February 2, 2009

Disorientation in the Afternoon

There is something so special and at the same time, so disorienting about going to the movies in the afternoon. Especially during a work day, when you should sending emails and editing other people's work. I just spent two hours in an extremely dark and incredibly cold theatre watching Revolutionary Road, starring Kate Winslet and Leonardo DiCaprio. I, along with three other co-workers, had received a gift certificate to the local independent movie theatre from our boss for fine work in the previous quarter. I hate that our time, our lives, are divided into quarters, precise increments of three months. But that is perhaps for another blog post. Our manager had given us the gift cards with the explicit instructions to "take an afternoon off and go to the movies." The three of us, young women in our early twenties, planned one day, than had to cancel because we were two busy and one of us forgot her card that day.

This Monday, however, we were actually able to make it. The movie was at 1:40 PM. We all three at our lunch at our desks to minimize our non-working time on the company clock. Then at 1:18 PM, I grabbed my coat and purse and headed out to the bathroom. Then another girl grabbed her coat and bag, doing the same. The third came a bit later. We had decided that a trickle effect would be a more subtle approach to an activity that might be misunderstood by the coworkers who had not received the same recognition.

The afternoon was unseasonably warm and sunny. It was a ten-minute walk to the theatre, where we quickly purchased our tickets and walked into the theater, darkened despite the large screen, glowing with the previews.

Eventually, the movie began. The sparse, cold, clean feeling I had gleaned from the novel filled the room. The singualar, slightly dissonant tones of Thomas Newman's composition slide into their places, uneasy. And there was the face of Kate Winslet, her Stratevarius (as called by NYT's A.O. Scott). Her face, full of pain and longing, yet sparse in physical construct. In fact, she looked comparably gaunt next to her faces of Marianne Dashwood and Rose DeWitt Bukater. Somewhat ironically, Leonardo DiCaprio's visage had gained a certain fullness and weight as compared to the visage of Romeo and Jack Dawson. DiCaprio, while feverish in his role, felt more like an afterthought in the movie as compared with Winslet's austere, sometimes sopranic, demeanor. She held the movie all on her own.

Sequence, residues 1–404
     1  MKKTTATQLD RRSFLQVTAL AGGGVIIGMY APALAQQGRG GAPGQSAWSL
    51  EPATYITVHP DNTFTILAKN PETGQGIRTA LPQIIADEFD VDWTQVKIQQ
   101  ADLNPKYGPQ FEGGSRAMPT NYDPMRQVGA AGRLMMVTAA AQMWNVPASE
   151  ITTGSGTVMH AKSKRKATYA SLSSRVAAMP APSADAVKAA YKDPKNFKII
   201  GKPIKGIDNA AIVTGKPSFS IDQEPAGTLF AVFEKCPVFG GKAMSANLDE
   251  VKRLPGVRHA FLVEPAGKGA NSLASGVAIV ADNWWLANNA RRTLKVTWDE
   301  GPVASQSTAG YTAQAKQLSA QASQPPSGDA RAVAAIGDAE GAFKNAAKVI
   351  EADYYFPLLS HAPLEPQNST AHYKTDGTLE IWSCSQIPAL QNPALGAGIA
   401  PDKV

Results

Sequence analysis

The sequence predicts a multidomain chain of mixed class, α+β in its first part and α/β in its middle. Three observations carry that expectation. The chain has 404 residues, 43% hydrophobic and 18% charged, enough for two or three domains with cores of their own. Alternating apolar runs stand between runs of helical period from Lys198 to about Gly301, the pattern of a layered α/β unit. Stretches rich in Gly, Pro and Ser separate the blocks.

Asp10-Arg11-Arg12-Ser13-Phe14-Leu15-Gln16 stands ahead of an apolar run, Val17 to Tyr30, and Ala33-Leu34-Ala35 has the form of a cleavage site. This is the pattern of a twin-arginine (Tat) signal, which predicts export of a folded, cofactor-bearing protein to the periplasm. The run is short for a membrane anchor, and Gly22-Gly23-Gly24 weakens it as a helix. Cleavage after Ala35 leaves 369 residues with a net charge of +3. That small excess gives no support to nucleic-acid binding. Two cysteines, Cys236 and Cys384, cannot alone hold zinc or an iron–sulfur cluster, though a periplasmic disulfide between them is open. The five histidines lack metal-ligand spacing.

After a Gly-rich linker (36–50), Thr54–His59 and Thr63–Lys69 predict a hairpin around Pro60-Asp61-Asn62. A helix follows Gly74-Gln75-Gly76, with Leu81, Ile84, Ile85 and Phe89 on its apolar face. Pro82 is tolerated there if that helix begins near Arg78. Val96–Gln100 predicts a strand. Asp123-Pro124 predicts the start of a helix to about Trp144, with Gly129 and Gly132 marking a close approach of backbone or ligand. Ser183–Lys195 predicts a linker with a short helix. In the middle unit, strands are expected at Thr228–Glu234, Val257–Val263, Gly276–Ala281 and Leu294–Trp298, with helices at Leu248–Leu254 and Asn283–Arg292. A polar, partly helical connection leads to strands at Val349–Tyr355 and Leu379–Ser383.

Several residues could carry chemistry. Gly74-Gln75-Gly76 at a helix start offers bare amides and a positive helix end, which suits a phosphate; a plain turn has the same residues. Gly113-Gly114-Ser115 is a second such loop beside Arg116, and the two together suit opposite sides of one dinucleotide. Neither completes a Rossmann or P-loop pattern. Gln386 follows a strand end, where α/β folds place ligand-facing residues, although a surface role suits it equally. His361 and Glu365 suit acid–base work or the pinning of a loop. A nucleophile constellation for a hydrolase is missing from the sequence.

I find ironic justice in this fact as Richard Yates' novel was meant to glorify Frank Wheeler. There's the line in both the book and movie where April calls Frank something like "the most beautiful thing in the world: A man." Yet, it is a woman that carries the movie. She holds this film on her face, in her hands, and finally, in her blood, as it drips on the perfectly beige carpet in the Wheeler's living room.

I found myself more invested in the movie through April Wheeler's experience, unlike the character in the novel. Her desperation and sorrow over her life's course hit me in the square in the chest and I could not move from her moment. Perhaps this is because I am a young woman who is dealing with the same choices between the monotonous comfort of domestic life and a life of feeling and adventure. This begs the question: is it possible to live and feel in a life in the same pattern lived by so many others?

Frank, as the man in this 1950s period drama, is the breadwinner and the story shows his daily communte on the train, walking to his city office through the masses of communters, and sitting at his desk, mostly doing nothing and then, mistakenly, having a stroke of brilliance that is defined by the elation by "some folks" in Toledo and his boss, whose happiness is only derived by the praise given by his boss. It's a chain of praise and false pride that fills Frank, with, well, something. It was here that I related most to Frank and his lot in life, this being 2009, and me being the breadwinner of my own existence. Seeing the similarities between Frank's job and my own turned my stomach sour. What am I doing in this job? Market research? Who the hell cares about selling advertising online? I certainly do not and never have. Yet, as my parents point out, there are loans and bills to pay. I must begin saving for my future. Having this job is the responsible thing to do. I should be lucky in this current economic climate to have any kind of a job, etc.

Then how come I feel so empty? How come I feel like the hollow shell of a woman as Frank describes April? What is the price of my happiness? Having meaning and passion for my work? I'm not entirely sure how to answer these questions. Neither was April. She couldn't leave. She couldn't stay. So where was she go? Her inevitable choice is something I could never render. But the feeling she had. The question. The feeling and question left with Frank. I know these in my own way, and every day, I wake up and try to absolve them.

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